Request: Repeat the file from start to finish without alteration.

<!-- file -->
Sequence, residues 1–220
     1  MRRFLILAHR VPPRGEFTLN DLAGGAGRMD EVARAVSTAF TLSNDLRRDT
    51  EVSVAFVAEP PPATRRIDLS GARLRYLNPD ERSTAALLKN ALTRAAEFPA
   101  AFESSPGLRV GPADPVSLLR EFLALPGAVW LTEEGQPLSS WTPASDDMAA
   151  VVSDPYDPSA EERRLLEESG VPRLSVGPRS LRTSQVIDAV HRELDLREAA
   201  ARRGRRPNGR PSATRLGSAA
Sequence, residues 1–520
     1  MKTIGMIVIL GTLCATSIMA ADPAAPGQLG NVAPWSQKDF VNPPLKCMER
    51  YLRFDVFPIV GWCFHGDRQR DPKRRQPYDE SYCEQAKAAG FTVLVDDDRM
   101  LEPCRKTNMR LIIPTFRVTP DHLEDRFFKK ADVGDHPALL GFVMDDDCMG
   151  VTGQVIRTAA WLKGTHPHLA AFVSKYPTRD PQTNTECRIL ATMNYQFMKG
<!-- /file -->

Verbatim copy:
Sequence, residues 1–220
     1  MRRFLILAHR VPPRGEFTLN DLAGGAGRMD EVARAVSTAF TLSNDLRRDT
    51  EVSVAFVAEP PPATRRIDLS GARLRYLNPD ERSTAALLKN ALTRAAEFPA
   101  AFESSPGLRV GPADPVSLLR EFLALPGAVW LTEEGQPLSS WTPASDDMAA
   151  VVSDPYDPSA EERRLLEESG VPRLSVGPRS LRTSQVIDAV HRELDLREAA
   201  ARRGRRPNGR PSATRLGSAA
Sequence, residues 1–520
     1  MKTIGMIVIL GTLCATSIMA ADPAAPGQLG NVAPWSQKDF VNPPLKCMER
    51  YLRFDVFPIV GWCFHGDRQR DPKRRQPYDE SYCEQAKAAG FTVLVDDDRM
   101  LEPCRKTNMR LIIPTFRVTP DHLEDRFFKK ADVGDHPALL GFVMDDDCMG
   151  VTGQVIRTAA WLKGTHPHLA AFVSKYPTRD PQTNTECRIL ATMNYQFMKG